The S.E.5a was one of the first aircraft to use the Constantinesco interrupter gear. It was a robust fighter and a steady gun platform, allowing its pilots to engage an enemy at longer ranges with minimal loss of accuracy. Along with the Sopwith Camel, the S.E.5a was instrumental in gaining Allied air superiority from mid-1917.

Sopwith 5F.1 Dolphin
The world's first single seat multi-gun fighter the Dolphin represented a departure from traditional Sopwith fighter design. In place of the rotary engines so characteristic of the Triplane and Camel the Dolphin was equipped with a stationary 200hp geared Hispano-Suiza in-line engine.
The Dolphin's unusual wing layout with its 'backwards stagger' was designed to provide the pilot with excellent all round visibility. This was achieved by placing the upper wings low on top of the fuselage, the pilot being positioned with his head in the centre where he was afforded a clear and uninterrupted view. Dolphins flew their initial front-line patrols in February 1918 and eventually equipped five RAF squadrons. During the German offensive of 1918 Dolphins conducted ground attack operations, bombing as well as machine gunning enemy troop concentrations.
Popular with its pilots the Dolphin was a highly potent fighting machine but its success was limited due to problems afflicting the geared Hispano-Suiza engine. Dolphin production ceased in August 1919 and the type was declared obsolete in September 1921.

This flying reproduction, in No. 9 Squadron colours, individual code B, was built in New Zealand by Wellington-based The Vintage Aviator Ltd (TVAL) in 2011 (constructor’s number 0002) using original RE.8 rudder, wing and fuselage parts held by the RAF Museum as patterns. These parts of an unidentified airframe were found in a Coventry garage in 1966 and recovered by the Northern Aircraft Preservation Society. The Vintage Aviator Ltd (TVAL) reverse engineered and constructed the air cooled RAF4a engine, the only one currently operating in the world.
Nick-named the ‘Harry Tate’ after a music-hall comedian, this inherently stable reconnaissance/artillery spotting aircraft entered limited service in late 1916, and 4,077 were built, of which just two originals survive, one in Belgium – the Belgian Air Force had some 22 examples with Hispano-Suiza engines from July 1917. After rectification of the tendency of early production aircraft to spin, as the RFC/RAF’s most widely used type of Corps reconnaissance aircraft from 1917, it served with some 21 Squadrons, and as well as the Western Front. R.E.8s operated in Italy and Palestine, and, finally, in Egypt until November 1920.

Bristol F.2b Fighter
The Bristol Fighter was designed in 1916 as a replacement for the B.E. two-seaters. No.48 Squadron received the first production aircraft and introduced them into service during the Battle of Arras in April 1917. Flown in the tight defensive formations normal to two-seaters at the time, this baptism of fire was unsuccessful but it became an excellent fighting machine when the tactics were changed to allow it to be flown in the more aggressive manner of a single-seater. By the end of the war the type had been used for offensive patrols, photographic reconnaissance, escort fighting and ground attacks.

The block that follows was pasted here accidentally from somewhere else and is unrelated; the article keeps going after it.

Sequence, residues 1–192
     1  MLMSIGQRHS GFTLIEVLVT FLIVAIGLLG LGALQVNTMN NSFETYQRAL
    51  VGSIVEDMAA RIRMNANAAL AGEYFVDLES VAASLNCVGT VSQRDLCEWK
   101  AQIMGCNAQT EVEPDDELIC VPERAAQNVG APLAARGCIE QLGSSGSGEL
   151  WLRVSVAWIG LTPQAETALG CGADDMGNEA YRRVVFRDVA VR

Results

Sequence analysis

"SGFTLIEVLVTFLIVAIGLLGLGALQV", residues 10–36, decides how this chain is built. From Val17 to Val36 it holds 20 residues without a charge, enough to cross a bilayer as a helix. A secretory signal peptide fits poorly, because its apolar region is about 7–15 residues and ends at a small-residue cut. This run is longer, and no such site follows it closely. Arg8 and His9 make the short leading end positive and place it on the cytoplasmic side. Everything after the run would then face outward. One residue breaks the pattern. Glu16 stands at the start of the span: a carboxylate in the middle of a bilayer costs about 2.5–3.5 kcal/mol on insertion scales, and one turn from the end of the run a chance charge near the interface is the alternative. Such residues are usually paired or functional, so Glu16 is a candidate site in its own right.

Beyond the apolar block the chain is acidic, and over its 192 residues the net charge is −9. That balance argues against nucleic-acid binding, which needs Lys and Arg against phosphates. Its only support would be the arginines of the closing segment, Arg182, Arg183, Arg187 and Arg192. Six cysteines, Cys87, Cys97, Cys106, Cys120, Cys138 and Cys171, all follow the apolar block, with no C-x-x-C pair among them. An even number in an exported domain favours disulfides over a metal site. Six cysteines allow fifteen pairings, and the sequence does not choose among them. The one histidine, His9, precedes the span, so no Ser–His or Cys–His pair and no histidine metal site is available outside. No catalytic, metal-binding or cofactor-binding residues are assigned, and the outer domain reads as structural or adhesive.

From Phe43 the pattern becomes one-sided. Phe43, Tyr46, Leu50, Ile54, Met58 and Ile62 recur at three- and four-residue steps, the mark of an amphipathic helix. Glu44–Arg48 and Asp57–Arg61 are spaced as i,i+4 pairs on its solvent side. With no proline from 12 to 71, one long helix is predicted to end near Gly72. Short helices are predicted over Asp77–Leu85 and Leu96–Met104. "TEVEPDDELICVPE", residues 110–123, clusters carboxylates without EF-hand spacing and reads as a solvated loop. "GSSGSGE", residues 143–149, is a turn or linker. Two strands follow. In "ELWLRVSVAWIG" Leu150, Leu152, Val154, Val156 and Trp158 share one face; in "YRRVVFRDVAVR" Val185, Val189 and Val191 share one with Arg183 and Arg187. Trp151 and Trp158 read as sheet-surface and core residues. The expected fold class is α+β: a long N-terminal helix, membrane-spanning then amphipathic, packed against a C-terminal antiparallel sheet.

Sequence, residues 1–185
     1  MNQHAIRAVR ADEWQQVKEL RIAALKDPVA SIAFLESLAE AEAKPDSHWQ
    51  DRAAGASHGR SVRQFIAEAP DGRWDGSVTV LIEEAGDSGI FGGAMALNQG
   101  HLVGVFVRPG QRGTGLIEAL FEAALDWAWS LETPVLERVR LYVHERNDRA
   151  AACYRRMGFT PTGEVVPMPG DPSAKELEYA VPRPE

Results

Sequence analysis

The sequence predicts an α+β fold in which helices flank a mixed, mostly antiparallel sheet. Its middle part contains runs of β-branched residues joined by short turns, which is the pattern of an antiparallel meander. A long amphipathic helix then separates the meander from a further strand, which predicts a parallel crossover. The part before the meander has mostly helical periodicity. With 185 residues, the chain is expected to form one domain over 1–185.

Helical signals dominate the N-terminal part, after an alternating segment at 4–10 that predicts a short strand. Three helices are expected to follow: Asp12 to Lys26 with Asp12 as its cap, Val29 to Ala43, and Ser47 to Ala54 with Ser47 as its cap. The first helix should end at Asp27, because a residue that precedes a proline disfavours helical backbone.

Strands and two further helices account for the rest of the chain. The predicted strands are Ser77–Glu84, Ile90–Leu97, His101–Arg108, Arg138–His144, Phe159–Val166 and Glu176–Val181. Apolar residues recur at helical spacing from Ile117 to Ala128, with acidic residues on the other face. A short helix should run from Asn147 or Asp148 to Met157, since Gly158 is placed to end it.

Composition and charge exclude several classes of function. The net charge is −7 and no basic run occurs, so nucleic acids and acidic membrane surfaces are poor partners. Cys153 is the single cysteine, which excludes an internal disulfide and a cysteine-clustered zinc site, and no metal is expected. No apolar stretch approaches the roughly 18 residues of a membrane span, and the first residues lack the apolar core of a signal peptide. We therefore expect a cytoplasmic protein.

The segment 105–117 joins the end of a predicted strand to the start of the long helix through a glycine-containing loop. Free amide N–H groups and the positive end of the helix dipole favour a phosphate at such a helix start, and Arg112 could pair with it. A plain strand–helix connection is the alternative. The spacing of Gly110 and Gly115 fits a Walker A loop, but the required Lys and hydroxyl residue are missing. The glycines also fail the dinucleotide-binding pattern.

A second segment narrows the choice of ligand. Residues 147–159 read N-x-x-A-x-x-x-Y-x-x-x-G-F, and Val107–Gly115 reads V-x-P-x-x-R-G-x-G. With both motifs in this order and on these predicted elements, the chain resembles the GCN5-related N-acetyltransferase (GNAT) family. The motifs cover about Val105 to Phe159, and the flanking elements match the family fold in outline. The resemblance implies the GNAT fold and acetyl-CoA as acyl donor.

Having shown such versatility during the war it was one of the designs chosen by Hugh Trenchard to equip the peacetime Royal Air Force. Despite increasing age and poor flying conditions in many parts of the Empire, where it helped to establish the Royal Air Force's role as aerial policeman, the Bristol Fighter soldiered on until 1932.
This particular example has been re-built to represent the aircraft flown by Captain W.F.J. Harvey and Captain D.E. Waight, No.22 Squadron, from Agincourt on 1 July 1918. The aircraft was modified, by the squadron, to take an extra Lewis machine gun on the centre section of the top mainplane.

Built by Wellington, New Zealand based the Vintage Aviator Ltd (TVAL); constructor’s number 0083, as the third airworthy example of this type built by TVAL. The aircraft incorporates an original Merceds DIII engine from the Museum’s collection. Nathan Pugh, an apprentice from the RAF Museum’s national award-winning scheme, recently spent time in New Zealand, at the invitation of TVAL, employed on the manufacture of these aircraft.

Sopwith Triplane
The Sopwith Triplane went into service with the Royal Naval Air Service in 1917 and served mainly on the Western Front. It proved difficult to repair and eventually became established as an advanced trainer. However, the German Military were so impressed by the Triplane that they got Fokker to design them their own Triplane.
Adam Norenberg.

The RAF Museum at Hendon in North London is free to visit and it is open from 10am - 6pm [last entry 5:30pm]